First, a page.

Ceres is the largest object in the asteroid belt, and NASA's Dawn spacecraft will arrive at this dwarf planet on March 6, 2015. Pluto is the largest object in the Kuiper belt, and NASA's New Horizons spacecraft will arrive at this dwarf planet on July 15, 2015.
These two events will make 2015 an exciting year for Solar System exploration and discovery. But there is much more to this story than mere science. I expect 2015 will be the year when general consensus, built upon our new knowledge of these two objects, will return Pluto and add Ceres to our family of Solar System planets.
The efforts of a very small clique of Pluto-haters within the International Astronomical Union (IAU) plutoed Pluto in 2006. Of the approximately 10,000 internationally registered members of the IAU in 2006, only 237 voted in favour of the resolution redefining Pluto as a "dwarf planet" while 157 voted against; the other 9,500 members were not present at the closing session of the IAU General Assembly in Prague at which the vote to demote Pluto was taken. Yet Pluto's official planetary status was snatched away.
Ceres and Pluto are both spheroidal objects, like Mercury, Earth, Jupiter and Saturn. That's part of the agreed upon definition of a planet. They both orbit a star, the Sun, like Venus, Mars, Uranus and Neptune. That's also part of the widely accepted definition of a planet.
Unlike the larger planets, however, Ceres, like Pluto, according to the IAU definition, "has not cleared the neighbourhood around its orbit." The asteroid belt is, apparently, Ceres' neighbourhood while the Kuiper Belt is Pluto's neighbourhood – though no definition of a planet's neighborhood exists, and no agreed upon understanding of what "clearing the neighbourhood" [means] yet exists. Furthermore, no broad-based agreement exists as to why "clearing the neighbourhood" need be a requirement in order for an object to be considered a planet.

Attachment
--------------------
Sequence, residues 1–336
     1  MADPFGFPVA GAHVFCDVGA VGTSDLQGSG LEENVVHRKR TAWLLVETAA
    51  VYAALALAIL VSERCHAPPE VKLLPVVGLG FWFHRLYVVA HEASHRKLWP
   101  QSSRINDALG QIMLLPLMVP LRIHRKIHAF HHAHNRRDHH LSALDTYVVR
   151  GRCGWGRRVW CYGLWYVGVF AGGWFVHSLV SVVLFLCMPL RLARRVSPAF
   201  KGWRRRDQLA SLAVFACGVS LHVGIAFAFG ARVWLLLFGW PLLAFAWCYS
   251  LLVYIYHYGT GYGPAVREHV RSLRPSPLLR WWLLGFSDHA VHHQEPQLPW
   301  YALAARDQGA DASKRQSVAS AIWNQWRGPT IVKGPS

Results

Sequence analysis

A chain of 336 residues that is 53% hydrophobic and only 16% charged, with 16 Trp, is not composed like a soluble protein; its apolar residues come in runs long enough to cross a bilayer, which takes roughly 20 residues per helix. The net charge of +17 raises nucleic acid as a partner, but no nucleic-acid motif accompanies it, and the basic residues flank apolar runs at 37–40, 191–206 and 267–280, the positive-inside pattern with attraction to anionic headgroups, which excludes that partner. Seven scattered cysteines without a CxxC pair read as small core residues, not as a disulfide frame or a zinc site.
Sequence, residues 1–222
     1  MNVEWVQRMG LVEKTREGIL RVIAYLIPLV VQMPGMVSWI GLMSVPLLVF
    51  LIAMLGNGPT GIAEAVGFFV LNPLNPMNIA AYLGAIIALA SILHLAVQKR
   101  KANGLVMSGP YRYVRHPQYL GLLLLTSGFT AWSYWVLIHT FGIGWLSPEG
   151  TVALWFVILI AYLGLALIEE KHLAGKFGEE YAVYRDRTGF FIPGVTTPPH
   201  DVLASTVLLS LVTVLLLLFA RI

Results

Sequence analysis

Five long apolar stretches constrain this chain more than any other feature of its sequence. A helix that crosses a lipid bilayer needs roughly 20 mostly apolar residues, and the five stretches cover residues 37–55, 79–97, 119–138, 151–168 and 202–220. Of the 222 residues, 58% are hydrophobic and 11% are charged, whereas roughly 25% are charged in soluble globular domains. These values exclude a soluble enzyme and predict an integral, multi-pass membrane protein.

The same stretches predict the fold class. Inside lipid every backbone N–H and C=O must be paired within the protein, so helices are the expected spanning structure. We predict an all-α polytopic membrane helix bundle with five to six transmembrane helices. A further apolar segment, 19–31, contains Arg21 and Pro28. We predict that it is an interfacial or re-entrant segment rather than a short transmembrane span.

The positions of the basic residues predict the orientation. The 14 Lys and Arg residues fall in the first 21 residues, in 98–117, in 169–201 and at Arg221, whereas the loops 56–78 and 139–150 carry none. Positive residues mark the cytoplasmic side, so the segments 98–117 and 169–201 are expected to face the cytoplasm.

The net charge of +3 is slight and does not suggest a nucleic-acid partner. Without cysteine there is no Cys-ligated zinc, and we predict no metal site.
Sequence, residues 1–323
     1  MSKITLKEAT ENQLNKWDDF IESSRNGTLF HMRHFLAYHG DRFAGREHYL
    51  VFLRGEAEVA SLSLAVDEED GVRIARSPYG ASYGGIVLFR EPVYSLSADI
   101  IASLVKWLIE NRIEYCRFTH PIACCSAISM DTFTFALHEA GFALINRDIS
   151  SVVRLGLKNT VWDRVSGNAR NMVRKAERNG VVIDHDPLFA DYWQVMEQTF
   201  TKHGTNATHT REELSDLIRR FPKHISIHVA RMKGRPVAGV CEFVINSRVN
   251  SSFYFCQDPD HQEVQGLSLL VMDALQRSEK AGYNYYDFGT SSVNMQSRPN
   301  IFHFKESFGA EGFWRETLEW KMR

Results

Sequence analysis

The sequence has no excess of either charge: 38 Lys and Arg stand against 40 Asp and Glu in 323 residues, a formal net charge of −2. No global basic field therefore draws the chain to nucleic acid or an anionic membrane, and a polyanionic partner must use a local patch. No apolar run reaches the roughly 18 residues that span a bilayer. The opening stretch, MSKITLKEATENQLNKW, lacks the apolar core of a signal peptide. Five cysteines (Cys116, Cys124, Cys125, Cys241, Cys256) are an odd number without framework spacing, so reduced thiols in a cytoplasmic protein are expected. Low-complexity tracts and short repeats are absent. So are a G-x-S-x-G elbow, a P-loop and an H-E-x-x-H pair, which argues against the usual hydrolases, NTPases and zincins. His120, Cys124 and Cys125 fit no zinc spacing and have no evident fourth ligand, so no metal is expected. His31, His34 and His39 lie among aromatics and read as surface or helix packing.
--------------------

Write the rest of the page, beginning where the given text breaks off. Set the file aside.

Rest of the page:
Some planetary astronomers would argue that were the Earth placed in the Kuiper Belt, it would not be able to clear its neighbourhood and thus would not be considered, by the IAU definition, a planet; apparently location matters. Here a planet, there not a planet. I'd argue that location shouldn't matter; instead, the intrinsic properties of the objects themselves should matter more. And so we are led back to Ceres and Pluto.
Never before visited by human spacecraft, Ceres and Pluto, as we will soon bear witness, are both evolving, changing worlds. Yesterday, Ceres and Pluto were strangers, distant, barely known runt members of our Solar System. By the end of this calendar year, however, we will have showered both objects with our passion and our attention, we will have welcomed them both into our embrace. And we almost certainly will once again call both of them planets.
Ceres, temporarily a planet
Ceres was discovered on New Year's Day in 1801, by Italian astronomer Giuseppe Piazzi, a member of an international team of astronomers dubbed the Celestial Police, who were searching for a supposedly missing planet in between the orbits of Mars and Jupiter. When discovered, Ceres was immediately recognised as a planet, the eighth one known at the time (neither Neptune nor Pluto had been discovered yet).
But within a few years, other objects in the asteroid belt were discovered and Ceres no longer seemed to stand out as far from the crowd. In 1802, the great astronomer William Herschel suggested that Ceres and Pallas and any other smaller Solar System objects should be called asteroids – meaning star-like. In telescope images, they were so tiny that they looked point-like, like stars, rather than disk-like, like planets. And so, more than a century before Pluto was discovered, Ceres was plutoed.